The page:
Mistrial declared in Nashville security guard's murder trial

There are 10 comments on the The Tennessean Nashville News story from Sep 4, 2009, titled Mistrial declared in Nashville security guard's murder trial. In it, The Tennessean Nashville News reports that:

Former security guard Jeremy Holmes likely will be put on trial a second time after a jury couldn't agree on whether his fatal shooting of Adam Villegas was self-defense or murder.

Join the discussion below, or Read more at The Tennessean Nashville News.

rpg

Nashville, TN

#1 Sep 5, 2009
Bobo

Spring Hill, TN

#2 Sep 5, 2009
I've been waiting to see the outcome of this case. It looks like we'll have to wait a little longer.

I'm not taking sides, but I do know that witnesses at the scene saw the driver try to run over the security guard. A lot of people supporting the driver have made statements, but none of them were there.

And it doesn't matter how "nice" the driver was. If he was drunk and belligerent, and trying to run down the security officer, then he got what he deserved.

If the security guard was out of line, I want him punished. If he was protecting himself, then the driver's family needs to understand that.

“Uzi Does It”

Since: Nov 08

UZILAND

#3 Sep 13, 2009
Bobo wrote:
I've been waiting to see the outcome of this case. It looks like we'll have to wait a little longer.
I'm not taking sides, but I do know that witnesses at the scene saw the driver try to run over the security guard. A lot of people supporting the driver have made statements, but none of them were there.
And it doesn't matter how "nice" the driver was. If he was drunk and belligerent, and trying to run down the security officer, then he got what he deserved.
If the security guard was out of line, I want him punished. If he was protecting himself, then the driver's family needs to understand that.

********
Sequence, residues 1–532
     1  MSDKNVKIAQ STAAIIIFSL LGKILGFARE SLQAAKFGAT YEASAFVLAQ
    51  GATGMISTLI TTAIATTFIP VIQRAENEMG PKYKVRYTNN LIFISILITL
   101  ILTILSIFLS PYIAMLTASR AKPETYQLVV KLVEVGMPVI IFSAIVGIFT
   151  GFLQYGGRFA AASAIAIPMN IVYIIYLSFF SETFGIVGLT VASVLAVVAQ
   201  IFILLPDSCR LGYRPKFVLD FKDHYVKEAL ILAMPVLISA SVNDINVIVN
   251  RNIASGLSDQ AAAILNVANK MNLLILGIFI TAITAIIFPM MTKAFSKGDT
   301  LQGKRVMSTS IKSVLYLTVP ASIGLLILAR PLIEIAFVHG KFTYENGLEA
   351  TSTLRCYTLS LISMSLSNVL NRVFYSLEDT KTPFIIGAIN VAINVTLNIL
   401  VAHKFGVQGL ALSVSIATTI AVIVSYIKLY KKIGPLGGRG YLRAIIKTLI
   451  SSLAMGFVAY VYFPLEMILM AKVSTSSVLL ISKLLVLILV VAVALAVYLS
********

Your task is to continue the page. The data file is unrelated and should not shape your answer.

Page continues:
Basically, the security guard placed himself in a position where he could use the excuse of self-defense in order to cover for the crime of murder.

----------

"Villegas, 34, was fatally shot in the neck in May 2008 in the parking lot of the Marathon Sports Bar. He was sitting in his car when Holmes, an armed security guard for SecurityWise, approached and told him to leave. As Villegas began to back out, Holmes got behind the car and told him to stop, witnesses said.

He fired one bullet into the open driver's side window with the laser-guided gun and struck Villegas in the neck. As the car rolled forward and struck a telephone pole, Holmes called 911 and reported a man that tried to run him over had wrecked his car."
Nancy Grace

Nashville, TN

#4 Sep 13, 2009
Richard_ wrote:
<quoted text>
Basically, the security guard placed himself in a position where he could use the excuse of self-defense in order to cover for the crime of murder.
----------
"Villegas, 34, was fatally shot in the neck in May 2008 in the parking lot of the Marathon Sports Bar. He was sitting in his car when Holmes, an armed security guard for SecurityWise, approached and told him to leave. As Villegas began to back out, Holmes got behind the car and told him to stop, witnesses said.
He fired one bullet into the open driver's side window with the laser-guided gun and struck Villegas in the neck. As the car rolled forward and struck a telephone pole, Holmes called 911 and reported a man that tried to run him over had wrecked his car."
"Basically, the security guard placed himself in a position where he could use the excuse of self-defense in order to cover for the crime of murder."

The poilce do the same thing on a very regualr bassi but, shhhhhh, don't tell anyone.
Nancy Grace

Nashville, TN

#5 Sep 13, 2009
basis*

“Uzi Does It”

Since: Nov 08

UZILAND

#6 Sep 13, 2009
Nancy Grace wrote:
<quoted text>"Basically, the security guard placed himself in a position where he could use the excuse of self-defense in order to cover for the crime of murder."